SAARWELLINGEN, Germany (Reuters) - German pensioner Erika Ihiebert has lived with minor earth tremors caused by coal mining for years. But when her chimney collapsed nearly two weeks ago, she had had enough.
“I thought I would die. It felt like the ceiling was going to come down on me,” said Ihiebert, 68. “You see earthquakes on TV. That’s bad enough, but at least, those are caused by nature. Ours are man-made. This must stop.”
Ihiebert and her neighbors in the southwestern state of Saarland were hit by a tremor measuring 4.0 on the Richter scale last month.
It caused meter-long cracks in buildings in the town of Saarwellingen, cut power and pushed heavy blocks off a church steeple — shortly after a group of children had stood underneath.
RAG Deutsche Steinkohle, the firm that runs the mine near Saarwellingen, acknowledges that mining in the area is causing tremors.
They are caused when sandstone layers above mining holes break, creating waves that make the ground above vibrate.
RAG was quick to announce a halt to mining.
If the closure is permanent, as local politicians are demanding, it could spark a whole new lot of problems for the hilly region on the French border.
Together with the northern Ruhr area, Saarland is one of Germany’s historic mining regions. Mining started there in the Middle Ages and runs through generations in many local families.
Some 50,000 Saar miners worked in the sector during its heyday. But with imports now much cheaper than heavily subsidized domestic coal, their number has dwindled to the 3,600 workers who are now threatened by the closure of the last remaining mine in the area.
Trade unions fear as many as 10,000 jobs that are directly or indirectly linked to coal could be lost.
The arrival of thousands of unemployed, middle-aged miners on an already tight job market could also exacerbate tensions with so-called “anti-miners” who condemn the coal workers as “subsidy pigs.”
Michael Fritz, 39, was working 1,700 meters underground when Ihiebert’s chimney caved in. He said he did not notice the tremor in the ground but felt the blame when he came back up to the surface.
“You’re an outcast as a miner in this area,” said Fritz, who has worked in the mines all his adult life.
Some shops were not serving miners out of principle and anti-mining campaigners had slashed his tires several times, he said.
Fritz’s colleague Uwe Motz said he knew as soon as last month’s tremor hit that mining was finished.
“I was off that day. I was in a supermarket,” he said, sitting in an empty office where hundreds of miners would pass on a normal day to pick up their lamps and gear.
“Everything was shaking, people were screaming. I ran out because I was afraid someone would recognize me as a miner. I was afraid they’d lynch me. I locked my car and drove off as fast as I could,” he said.
The average age of the miners is 45, and many say their age and health problems make them unattractive for new employers.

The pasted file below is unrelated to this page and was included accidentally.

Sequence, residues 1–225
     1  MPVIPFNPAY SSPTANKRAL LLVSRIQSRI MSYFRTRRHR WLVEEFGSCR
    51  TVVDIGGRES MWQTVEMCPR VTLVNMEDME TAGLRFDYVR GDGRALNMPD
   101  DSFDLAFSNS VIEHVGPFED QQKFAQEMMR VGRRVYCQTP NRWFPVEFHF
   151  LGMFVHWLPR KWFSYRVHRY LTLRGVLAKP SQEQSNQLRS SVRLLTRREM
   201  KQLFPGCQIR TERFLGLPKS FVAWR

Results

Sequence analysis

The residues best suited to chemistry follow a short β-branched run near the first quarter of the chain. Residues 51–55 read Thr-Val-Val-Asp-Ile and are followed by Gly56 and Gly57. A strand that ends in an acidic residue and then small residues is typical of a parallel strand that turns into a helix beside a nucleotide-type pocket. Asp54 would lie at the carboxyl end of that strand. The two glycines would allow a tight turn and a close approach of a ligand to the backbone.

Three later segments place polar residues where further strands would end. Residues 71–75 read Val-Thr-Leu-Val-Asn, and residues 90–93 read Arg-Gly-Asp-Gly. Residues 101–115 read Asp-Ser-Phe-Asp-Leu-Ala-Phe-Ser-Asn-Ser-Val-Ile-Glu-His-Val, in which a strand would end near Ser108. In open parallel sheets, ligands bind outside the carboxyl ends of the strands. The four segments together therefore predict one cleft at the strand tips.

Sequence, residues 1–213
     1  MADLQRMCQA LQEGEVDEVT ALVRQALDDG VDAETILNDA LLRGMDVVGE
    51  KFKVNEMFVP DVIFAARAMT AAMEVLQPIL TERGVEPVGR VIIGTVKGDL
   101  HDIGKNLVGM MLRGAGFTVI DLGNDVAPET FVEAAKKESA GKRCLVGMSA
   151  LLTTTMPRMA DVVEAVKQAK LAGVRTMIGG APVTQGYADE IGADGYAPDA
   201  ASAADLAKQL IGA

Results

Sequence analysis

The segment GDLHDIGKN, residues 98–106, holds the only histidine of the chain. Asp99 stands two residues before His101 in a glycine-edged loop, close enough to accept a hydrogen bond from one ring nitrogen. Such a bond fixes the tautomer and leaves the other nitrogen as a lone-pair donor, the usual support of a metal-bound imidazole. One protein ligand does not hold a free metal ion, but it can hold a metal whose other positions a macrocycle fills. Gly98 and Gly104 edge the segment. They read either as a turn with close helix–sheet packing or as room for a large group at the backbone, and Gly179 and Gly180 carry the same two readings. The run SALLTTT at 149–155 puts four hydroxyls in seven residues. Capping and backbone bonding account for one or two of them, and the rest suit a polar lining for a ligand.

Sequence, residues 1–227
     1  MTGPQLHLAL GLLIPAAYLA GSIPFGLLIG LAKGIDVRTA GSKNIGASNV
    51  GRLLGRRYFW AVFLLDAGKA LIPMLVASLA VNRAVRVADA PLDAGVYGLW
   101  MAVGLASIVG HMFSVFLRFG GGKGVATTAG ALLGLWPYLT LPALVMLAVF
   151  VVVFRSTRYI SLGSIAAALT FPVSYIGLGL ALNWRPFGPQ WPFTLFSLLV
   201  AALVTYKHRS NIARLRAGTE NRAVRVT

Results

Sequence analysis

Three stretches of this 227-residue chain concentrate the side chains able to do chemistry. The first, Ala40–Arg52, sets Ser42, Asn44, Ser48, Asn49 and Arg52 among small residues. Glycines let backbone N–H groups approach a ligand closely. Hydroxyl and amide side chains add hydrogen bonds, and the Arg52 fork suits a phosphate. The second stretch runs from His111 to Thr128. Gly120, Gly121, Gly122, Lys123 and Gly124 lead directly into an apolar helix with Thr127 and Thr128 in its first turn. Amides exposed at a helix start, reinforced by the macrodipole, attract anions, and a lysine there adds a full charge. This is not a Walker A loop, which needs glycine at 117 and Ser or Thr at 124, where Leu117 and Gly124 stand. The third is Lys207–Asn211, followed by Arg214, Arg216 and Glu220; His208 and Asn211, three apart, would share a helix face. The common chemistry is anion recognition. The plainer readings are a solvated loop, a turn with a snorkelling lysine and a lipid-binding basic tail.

“I had twins only six weeks ago. I have to pay off a house. What will we do?” Fritz said softly, knotting his hands. “We’re four generations of miners in my family.”
But Peter Lehnert, a pony-tailed hairdresser who is one of the leaders of the anti-mining campaign, says he has little pity for people like Fritz, adding inhabitants deserved to live in peace again after more than 30 quakes this year alone.
“There’s no future in coal,” said Lehnert, who has organized rallies after the tremors. “We’ll have a tough first few years ... But I see the closure of the mine as a chance for the region ... for the environment, for renewable energies.”
The state of Saarland, RAG and Chancellor Angela Merkel’s government in Berlin are debating how to help the miners.
Even before the tremor, the outlook for Germany’s coal mining industry looked bad. The government decided last year to phase out heavily subsidized mining of hard coal by 2018 as imports from the world market are much cheaper.
High German wages and benefits as well as strict safety and environment standards means it costs three times more to get coal out of German mines than in China or Australia.
Apart from the mine in Saarland, Germany has seven mines in use in the state of North-Rhine Westphalia. Around 35,000 workers are employed in the sector overall.
Utility experts say the permanent closure of the Saarland mine would put upward pressure on coal prices and pose a challenge to power plants in the Saarland region, which rely on its coal.
These power plants, which have a capacity of 2,000 MW, would have to look for new suppliers, and might have to develop new costly infrastructure to have the coal delivered from the Ruhr valley, utilities sources say.
RAG says it is still studying ways to continue extraction in a safe way.
“We will not conduct a form of mining that is a danger to life and limb,” RAG spokeswoman Annette Weinmann said.
But Michael Philippi, mayor of the tremor-hit town of Saarwellingen, said he would go to court to end the mining once and for all — regardless of RAG’s safety assurances.
“They can’t tell me it will be 100 percent safe,” he said, sitting in the town hall, which overlooks dozens of homes with cracks along their facades. “It’s my duty to prevent that.”
Ihiebert agreed. “All I want is to be able to sleep again without being afraid of a new tremor,” she said.
Editing by Alison Williams